Few things can tarnish your professional brand quite like a poorly written, misguided email. One click of the ‘send’ button can be the difference between a successful business exchange and a potential HR issue or co-worker conflict. And while Americans send hundreds of thousands of emails a day, it should not be taken for granted.
Whether you’re a senior professional or an office newbie, here are 13 must-remember dos and don’ts of business email etiquette.
Do pay attention to the subject line
Write a clear, concise subject line that reflects the body of the email. Avoid subject lines with,“Hi,” “Touching Base” or “FYI,” and do not leave a subject line blank.
Do use a proper salutation
Remember “Hi” and “Hey” communicate a lack of professionalism and maturity. Begin your email with phrases such as “Good Morning,” “Good Afternoon,” “Good Evening” or “Hello.” “Good Day” or “Greetings” are other phrases used frequently in the international arena.
Do use an introduction
In direct cultures like the U.S., the best practice is for the sender to introduce themselves by first and last name with some background information in the first few lines. For example, “Dear Ms. Mandell: My name is Sharon Schweitzer, founder of Access to Culture; I was referred to you by …” or “My name is Sharon Schweitzer and I am an International Business Expert writing to you about …” This is especially important when introducing yourself to new contacts, potential customers, clients and employers who want to know how you received their contact information.
Do know the culture
When sending email to people from indirect cultures, it is proper protocol and a best practice to research country customs. For example, in Japan it is polite, appropriate and customary to inquire about the weather in the first sentence of a business email. In contrast, it would be inappropriate to send an email introducing yourself to a potential Japanese contact. In indirect cultures, introductions are only made by mutually respected third parties due to custom; cold emails are ignored, deleted, blocked and/or marked as junk.
Don’t include humor and sarcasm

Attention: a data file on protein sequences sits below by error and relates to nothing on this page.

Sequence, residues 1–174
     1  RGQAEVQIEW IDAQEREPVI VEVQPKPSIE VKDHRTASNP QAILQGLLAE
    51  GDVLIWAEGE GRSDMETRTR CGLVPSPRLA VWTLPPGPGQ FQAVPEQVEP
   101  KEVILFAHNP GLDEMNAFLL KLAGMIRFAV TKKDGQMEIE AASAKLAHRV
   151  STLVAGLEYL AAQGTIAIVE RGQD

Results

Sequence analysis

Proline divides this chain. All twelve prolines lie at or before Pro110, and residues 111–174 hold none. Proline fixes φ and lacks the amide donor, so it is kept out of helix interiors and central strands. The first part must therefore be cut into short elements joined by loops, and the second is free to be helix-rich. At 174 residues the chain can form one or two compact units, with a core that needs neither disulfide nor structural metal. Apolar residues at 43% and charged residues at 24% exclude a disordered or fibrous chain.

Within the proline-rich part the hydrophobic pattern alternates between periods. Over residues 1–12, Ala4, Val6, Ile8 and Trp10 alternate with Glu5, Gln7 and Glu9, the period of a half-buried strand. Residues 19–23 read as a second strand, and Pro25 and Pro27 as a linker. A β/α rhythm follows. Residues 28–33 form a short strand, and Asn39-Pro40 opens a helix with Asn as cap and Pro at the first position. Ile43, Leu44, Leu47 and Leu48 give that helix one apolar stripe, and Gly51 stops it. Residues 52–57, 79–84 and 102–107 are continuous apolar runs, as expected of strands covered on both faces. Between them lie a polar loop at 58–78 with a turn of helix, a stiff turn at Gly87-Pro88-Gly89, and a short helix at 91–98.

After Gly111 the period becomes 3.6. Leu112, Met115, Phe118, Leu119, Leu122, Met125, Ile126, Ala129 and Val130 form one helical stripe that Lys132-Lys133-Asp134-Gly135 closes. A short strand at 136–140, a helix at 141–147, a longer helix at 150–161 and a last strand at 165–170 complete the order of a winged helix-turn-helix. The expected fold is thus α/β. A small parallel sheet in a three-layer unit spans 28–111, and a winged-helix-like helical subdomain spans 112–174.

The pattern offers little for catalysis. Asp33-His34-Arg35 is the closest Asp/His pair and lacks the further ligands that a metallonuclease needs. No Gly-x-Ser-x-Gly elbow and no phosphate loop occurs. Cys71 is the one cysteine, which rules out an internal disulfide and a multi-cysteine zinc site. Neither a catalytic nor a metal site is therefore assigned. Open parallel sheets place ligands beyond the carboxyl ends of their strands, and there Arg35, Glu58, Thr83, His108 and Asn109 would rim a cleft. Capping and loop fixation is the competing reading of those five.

Emails can easily be misinterpreted through text without context. Humor is culture-specific. Avoid both humor and sarcasm in e-mails as the recipient may be confused, or worse, offended.
Do double-check your attachments
When you attach a file, be kind enough to take a few extra seconds to paste it into the body of the email as well. This shows consideration to the recipient, by saving them time and risk in opening attachments. Is this more time consuming for you? Yes. Is it worth it? Yes.
Don’t hit “reply all”
Avoid using “Reply-to-All” unless everyone needs to know. When the C-Suite (CEO/COO) or administrative assistant sends an email to 10 staff members requesting volunteers for a community service project, reply to the admin, not to all 10 members. Why make ten others delete your email? Reply-to-All is a function for ongoing deliberations on a particular subject.
Do reply expediently
Replying within 24 hours is common courtesy. Leaving someone hanging for any longer and you are not only perceived as rude — it could cost you business in the long run. If you’ve unintentionally kept someone waiting longer than 24 hours or extenuating circumstances arose, politely explain the situation and express your apologies.
Don’t use emojis
Those little winking, smiling icons are for text messages. They are inappropriate and unprofessional in a business email. Emoticons may divert email to a spam filter or junk mailbox. And it can look immature and unprofessional.
Do protect privacy
Email is public. Even though an email is deleted, online services and software programs can access messages on the hard drive. Before you click “send” consider what may happen if a business colleague, your competitor, an employer, the FBI, or any unintended recipient reads your email. Think of it this way: How would my email look if it were posted on Facebook?
Don’t be negative
It’s inappropriate to email negative comments. An email in all uppercase letters connotes anger in an email. These antagonistic messages cause awkwardness long after the email has been sent and received. If you must relay bad news via email, use objective words and state the facts. Face-to-face communication is best when relaying bad news.
Check and recheck for spelling and grammatical errors. These errors make you seem unprofessional and will reduce the likelihood that the email will be taken seriously. Email software comes with many professional tools such as spell check — use them.
Don’t forget the conversation closer
By letting the recipient know that a response isn’t needed, the email cycle doesn’t continue on in perpetuity. Close with “No reply necessary,” “Thank you again,” “See you at the board meeting Tuesday” or “Please let me know if I may be of further assistance.” End your email with a closing such as “Best,” “Best Regards,” “Sincerely,” “Thank you” or another appropriate phrase.
Sharon Schweitzer is an international business etiquette expert, author and the founder of Access to Culture.
This article first appeared on Glassdoor.com.